H-Index & Metrics Best Publications

H-Index & Metrics

Discipline name H-index Citations Publications World Ranking National Ranking
Ecology and Evolution D-index 81 Citations 40,017 151 World Ranking 254 National Ranking 35

Research.com Recognitions

Awards & Achievements

2007 - Member of Academia Europaea

1992 - Fellow of the Royal Society, United Kingdom

Overview

What is he best known for?

The fields of study he is best known for:

  • Ecology
  • Genus
  • Genetics

Paul H. Harvey mainly focuses on Evolutionary biology, Zoology, Ecology, Phylogenetics and Ecology. His Evolutionary biology research integrates issues from Body weight, Phylogenetic comparative methods, Diversification rates and Life history. The various areas that Paul H. Harvey examines in his Zoology study include Taxon, Range, Natural selection and Primate.

His Ecology research is multidisciplinary, relying on both Fecundity and Offspring. Paul H. Harvey has researched Phylogenetics in several fields, including Bioinformatics, Extinction and Phylogenetic tree. In the subject of general Phylogenetic tree, his work in Phylogenetic niche conservatism is often linked to Comparative method, thereby combining diverse domains of study.

His most cited work include:

  • The comparative method in evolutionary biology (4878 citations)
  • Procedures for the Analysis of Comparative Data Using Phylogenetically Independent Contrasts (1990 citations)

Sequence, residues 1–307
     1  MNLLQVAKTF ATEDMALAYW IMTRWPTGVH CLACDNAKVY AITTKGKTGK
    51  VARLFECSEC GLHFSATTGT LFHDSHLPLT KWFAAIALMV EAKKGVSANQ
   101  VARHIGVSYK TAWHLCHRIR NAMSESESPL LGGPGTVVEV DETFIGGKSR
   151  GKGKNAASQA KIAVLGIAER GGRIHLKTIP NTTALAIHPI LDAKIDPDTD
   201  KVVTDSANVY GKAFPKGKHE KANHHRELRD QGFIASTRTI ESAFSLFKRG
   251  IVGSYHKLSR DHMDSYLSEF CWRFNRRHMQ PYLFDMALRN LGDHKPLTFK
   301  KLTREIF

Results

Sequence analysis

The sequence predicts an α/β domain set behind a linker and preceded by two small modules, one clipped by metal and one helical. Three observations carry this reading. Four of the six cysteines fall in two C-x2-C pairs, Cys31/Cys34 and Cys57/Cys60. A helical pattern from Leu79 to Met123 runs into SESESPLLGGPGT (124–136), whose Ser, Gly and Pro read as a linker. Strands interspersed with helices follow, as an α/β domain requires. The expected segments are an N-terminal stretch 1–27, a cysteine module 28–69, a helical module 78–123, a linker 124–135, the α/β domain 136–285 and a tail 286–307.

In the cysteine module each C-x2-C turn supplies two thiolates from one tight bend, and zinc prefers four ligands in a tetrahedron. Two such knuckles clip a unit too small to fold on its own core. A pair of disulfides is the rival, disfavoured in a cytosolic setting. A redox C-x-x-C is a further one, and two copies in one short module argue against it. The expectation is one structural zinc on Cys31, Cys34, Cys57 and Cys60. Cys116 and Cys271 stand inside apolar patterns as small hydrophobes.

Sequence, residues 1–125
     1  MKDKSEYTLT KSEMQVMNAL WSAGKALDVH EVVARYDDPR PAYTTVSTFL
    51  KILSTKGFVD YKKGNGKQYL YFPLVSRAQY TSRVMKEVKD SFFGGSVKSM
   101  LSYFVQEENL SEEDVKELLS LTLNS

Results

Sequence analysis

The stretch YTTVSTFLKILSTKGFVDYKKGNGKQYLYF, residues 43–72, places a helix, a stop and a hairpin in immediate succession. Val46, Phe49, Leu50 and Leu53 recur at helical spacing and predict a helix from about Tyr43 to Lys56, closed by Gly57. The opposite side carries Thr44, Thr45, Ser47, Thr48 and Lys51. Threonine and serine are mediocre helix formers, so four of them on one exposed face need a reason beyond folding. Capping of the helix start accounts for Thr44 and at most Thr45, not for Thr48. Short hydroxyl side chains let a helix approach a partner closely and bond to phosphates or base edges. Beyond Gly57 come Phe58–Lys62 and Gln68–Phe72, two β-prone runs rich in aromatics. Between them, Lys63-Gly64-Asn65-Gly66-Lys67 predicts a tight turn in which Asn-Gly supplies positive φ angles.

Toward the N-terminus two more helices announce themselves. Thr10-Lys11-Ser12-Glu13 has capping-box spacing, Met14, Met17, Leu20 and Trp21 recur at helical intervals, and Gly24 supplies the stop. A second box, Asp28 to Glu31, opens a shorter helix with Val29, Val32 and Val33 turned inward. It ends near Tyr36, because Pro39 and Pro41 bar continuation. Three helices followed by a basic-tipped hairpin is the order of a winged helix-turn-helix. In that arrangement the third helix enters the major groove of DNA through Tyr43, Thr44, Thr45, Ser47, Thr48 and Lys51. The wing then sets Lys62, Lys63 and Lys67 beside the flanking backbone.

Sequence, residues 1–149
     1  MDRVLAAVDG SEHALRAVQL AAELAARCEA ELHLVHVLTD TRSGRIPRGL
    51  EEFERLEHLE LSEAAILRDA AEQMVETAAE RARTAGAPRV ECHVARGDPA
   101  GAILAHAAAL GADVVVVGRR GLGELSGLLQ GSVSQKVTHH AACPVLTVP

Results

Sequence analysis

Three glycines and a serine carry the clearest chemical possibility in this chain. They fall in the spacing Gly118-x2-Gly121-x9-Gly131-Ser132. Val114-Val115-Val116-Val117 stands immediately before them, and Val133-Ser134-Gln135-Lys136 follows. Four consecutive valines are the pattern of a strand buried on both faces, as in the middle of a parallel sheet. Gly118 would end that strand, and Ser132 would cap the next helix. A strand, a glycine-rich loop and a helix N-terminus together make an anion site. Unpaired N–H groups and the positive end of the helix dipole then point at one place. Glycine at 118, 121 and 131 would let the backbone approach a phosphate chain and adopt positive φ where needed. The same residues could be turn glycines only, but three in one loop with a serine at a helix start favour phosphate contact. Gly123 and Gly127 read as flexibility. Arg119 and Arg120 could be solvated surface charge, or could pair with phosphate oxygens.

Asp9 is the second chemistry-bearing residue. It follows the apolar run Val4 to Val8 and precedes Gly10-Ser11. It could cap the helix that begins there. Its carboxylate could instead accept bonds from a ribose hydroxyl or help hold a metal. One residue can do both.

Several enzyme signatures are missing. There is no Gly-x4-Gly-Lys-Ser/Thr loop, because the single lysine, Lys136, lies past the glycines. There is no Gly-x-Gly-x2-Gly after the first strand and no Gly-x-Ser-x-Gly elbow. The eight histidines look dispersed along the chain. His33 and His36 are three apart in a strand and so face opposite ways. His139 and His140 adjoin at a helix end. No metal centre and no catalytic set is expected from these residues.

• Phylogenetic Analysis and Comparative Data: A Test and Review of Evidence (1891 citations)

What are the main themes of his work throughout his whole career to date?

His main research concerns Ecology, Zoology, Evolutionary biology, Phylogenetics and Phylogenetic tree. Ecology is closely attributed to Biological dispersal in his work. Within one scientific family, he focuses on topics pertaining to Allometry under Zoology, and may sometimes address concerns connected to Basal metabolic rate.

The concepts of his Evolutionary biology study are interwoven with issues in Adaptation, Biological evolution and Phylogenetic comparative methods. His study on Phylogenetics is mostly dedicated to connecting different topics, such as Extinction. Paul H. Harvey integrates Brain size with Body size in his research.

He most often published in these fields:

  • Ecology (33.09%)
  • Zoology (24.91%)
  • Evolutionary biology (21.19%)

What were the highlights of his more recent work (between 1999-2021)?

  • Ecology (33.09%)
  • Evolutionary biology (21.19%)
  • Zoology (24.91%)

In recent papers he was focusing on the following fields of study:

His primary scientific interests are in Ecology, Evolutionary biology, Zoology, Phylogenetics and Genetic algorithm. His study in the field of Species richness, Global biodiversity, Range and Ecology is also linked to topics like Brain size. His Evolutionary biology study integrates concerns from other disciplines, such as Adaptation, Natural selection, Phylogenetic comparative methods and Gene.